In a similar vein, the anti-government Patriot movement was ascendant in the United States in the early 1990s. In 1995, Timothy McVeigh and Terry Nichols planned and executed the bombing of a federal building in Oklahoma City, killing 168 people and injuring many more. While no direct links were found between the Oklahoma City bombers and the broader militia movement, the public associated them together and “the image stuck of militia members as mad bombers.” Subsequently, the Patriot movement went into significant decline. Six years after the bombing, the number of identified “militia” groups cratered from a peak of 370 to 68. While the movement has experienced a subsequent resurgence, it took years for it to regain strength.
When it comes to why groups choose to pursue nonviolent actions, there are two major schools of thought – the “principled” and “pragmatic” camps. The principled camp, epitomised by Mahatma Gandhi, maintains that there is an inherent moral virtue to exclusively pursuing peaceful means to attain political objectives. They argue that violence taints the movement and undermines the moral legitimacy of the struggle.
In contrast, the pragmatic camp, represented by the late Gene Sharp, contends that both violent and nonviolent campaigns aim to influence behaviour and to make “somebody do something or not do something or stop doing something.” Political scientist Thomas C. Schelling agrees: “Both can be misused, mishandled, or misapplied. Both can be used for evil or misguided purposes.” For Sharp, nonviolence represents a tactically superior way to accomplish diverse political objectives. His list of 198 methods of nonviolent action—from symbolic public acts to economic boycotts—is widely emulated.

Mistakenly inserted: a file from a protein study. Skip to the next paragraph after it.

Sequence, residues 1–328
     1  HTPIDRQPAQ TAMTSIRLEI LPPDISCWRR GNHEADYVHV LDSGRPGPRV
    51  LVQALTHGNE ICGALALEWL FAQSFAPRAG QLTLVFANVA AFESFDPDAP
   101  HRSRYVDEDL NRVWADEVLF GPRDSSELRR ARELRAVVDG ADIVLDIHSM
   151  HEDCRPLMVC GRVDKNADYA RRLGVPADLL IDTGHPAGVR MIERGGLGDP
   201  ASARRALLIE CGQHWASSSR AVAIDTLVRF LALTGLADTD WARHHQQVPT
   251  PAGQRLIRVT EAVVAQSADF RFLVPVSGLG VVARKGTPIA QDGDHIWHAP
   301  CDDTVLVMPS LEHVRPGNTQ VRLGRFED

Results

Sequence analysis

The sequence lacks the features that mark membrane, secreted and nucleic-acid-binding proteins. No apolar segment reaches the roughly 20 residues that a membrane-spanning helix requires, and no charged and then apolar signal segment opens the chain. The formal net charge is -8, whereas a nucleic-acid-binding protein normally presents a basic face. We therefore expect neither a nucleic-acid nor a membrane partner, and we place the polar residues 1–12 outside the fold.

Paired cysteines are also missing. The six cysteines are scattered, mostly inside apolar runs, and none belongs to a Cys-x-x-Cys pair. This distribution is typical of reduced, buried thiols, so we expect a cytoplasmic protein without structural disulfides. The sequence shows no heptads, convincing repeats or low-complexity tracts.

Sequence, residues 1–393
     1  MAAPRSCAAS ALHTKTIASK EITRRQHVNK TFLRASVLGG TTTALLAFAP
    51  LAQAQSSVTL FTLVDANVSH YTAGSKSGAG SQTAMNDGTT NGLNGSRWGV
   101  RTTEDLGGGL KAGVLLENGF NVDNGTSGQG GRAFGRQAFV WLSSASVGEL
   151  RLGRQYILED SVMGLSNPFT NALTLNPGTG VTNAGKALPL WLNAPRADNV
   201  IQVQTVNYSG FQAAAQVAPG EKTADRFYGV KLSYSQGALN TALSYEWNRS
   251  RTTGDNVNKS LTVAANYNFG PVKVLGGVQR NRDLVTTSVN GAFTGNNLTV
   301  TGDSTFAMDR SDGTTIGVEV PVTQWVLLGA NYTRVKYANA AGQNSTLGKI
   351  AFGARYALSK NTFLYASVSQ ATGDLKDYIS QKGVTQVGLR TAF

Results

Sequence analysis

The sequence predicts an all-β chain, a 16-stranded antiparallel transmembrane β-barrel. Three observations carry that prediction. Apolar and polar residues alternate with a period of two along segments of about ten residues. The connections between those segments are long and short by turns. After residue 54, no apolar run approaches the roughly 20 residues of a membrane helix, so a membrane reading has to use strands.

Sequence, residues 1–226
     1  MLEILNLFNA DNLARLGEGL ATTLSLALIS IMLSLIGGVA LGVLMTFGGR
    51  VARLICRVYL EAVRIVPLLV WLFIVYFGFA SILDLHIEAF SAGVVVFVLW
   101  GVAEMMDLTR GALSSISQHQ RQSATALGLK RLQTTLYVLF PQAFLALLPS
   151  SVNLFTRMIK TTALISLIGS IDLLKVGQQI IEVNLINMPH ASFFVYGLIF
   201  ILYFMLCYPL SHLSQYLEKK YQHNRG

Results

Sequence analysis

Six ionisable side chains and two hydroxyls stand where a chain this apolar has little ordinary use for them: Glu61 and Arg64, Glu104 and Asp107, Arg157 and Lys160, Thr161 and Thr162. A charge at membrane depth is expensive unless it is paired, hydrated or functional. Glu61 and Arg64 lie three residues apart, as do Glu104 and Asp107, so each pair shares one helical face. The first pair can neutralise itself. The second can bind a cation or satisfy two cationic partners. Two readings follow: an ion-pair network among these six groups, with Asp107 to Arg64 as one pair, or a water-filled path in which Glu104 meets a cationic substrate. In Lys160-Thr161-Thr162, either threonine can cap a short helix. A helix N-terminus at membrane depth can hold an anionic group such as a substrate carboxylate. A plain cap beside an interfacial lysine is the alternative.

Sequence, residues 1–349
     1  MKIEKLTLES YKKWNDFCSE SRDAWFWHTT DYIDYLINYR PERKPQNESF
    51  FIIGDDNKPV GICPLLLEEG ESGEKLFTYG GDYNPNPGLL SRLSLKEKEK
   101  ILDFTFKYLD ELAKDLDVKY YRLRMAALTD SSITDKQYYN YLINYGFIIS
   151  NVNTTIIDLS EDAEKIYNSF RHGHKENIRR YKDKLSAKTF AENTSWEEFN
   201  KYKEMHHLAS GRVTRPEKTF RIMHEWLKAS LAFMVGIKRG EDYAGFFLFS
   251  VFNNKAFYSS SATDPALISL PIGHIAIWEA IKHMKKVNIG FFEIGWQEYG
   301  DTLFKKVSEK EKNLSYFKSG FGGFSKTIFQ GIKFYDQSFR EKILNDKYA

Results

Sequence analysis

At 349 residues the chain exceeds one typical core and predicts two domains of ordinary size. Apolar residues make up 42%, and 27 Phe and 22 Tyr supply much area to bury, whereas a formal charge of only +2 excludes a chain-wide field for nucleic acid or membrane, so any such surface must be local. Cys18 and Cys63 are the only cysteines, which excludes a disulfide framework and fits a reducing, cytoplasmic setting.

So what characteristics make nonviolent campaigns successful? A report from the U.S. Agency for International Development asserts that successful movements consciously use framing narratives to advance their causes: “absent an effective story that can draw in active civil society support, grassroots advocacy for human rights protection is likely to falter and fail.”
In Russia, for example, protests arose in the early 2000s against Vladimir Putin’s war effort in Chechnya. The antiwar movement underwent a sharp internal debate about whether to change its messaging to appeal to a wider audience or to keep using a narrower human rights frame, which was demonstrating decreased appeal. The traditionalists won the day. The campaign abandoned efforts to reach out to younger protesters, and declined to shift its narrative from a western human rights orientation (“Russian actions violate Chechen human rights”) to a Russian nationalist argument (“end the war, our soldiers are dying for nothing”). Consequently, the campaign was unable to attain broader support and its efforts fizzled.